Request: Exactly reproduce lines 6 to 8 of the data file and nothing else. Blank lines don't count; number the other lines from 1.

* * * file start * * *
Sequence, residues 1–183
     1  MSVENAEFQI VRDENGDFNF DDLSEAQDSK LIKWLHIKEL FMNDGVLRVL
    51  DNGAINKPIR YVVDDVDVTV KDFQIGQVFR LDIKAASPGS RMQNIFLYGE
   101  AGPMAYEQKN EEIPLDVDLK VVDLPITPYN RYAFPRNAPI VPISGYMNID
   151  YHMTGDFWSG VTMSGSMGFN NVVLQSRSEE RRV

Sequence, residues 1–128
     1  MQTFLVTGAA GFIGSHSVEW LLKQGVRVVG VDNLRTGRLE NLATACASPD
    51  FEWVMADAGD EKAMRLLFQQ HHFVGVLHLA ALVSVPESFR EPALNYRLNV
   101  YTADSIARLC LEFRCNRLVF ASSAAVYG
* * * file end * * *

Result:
Sequence, residues 1–128
     1  MQTFLVTGAA GFIGSHSVEW LLKQGVRVVG VDNLRTGRLE NLATACASPD
    51  FEWVMADAGD EKAMRLLFQQ HHFVGVLHLA ALVSVPESFR EPALNYRLNV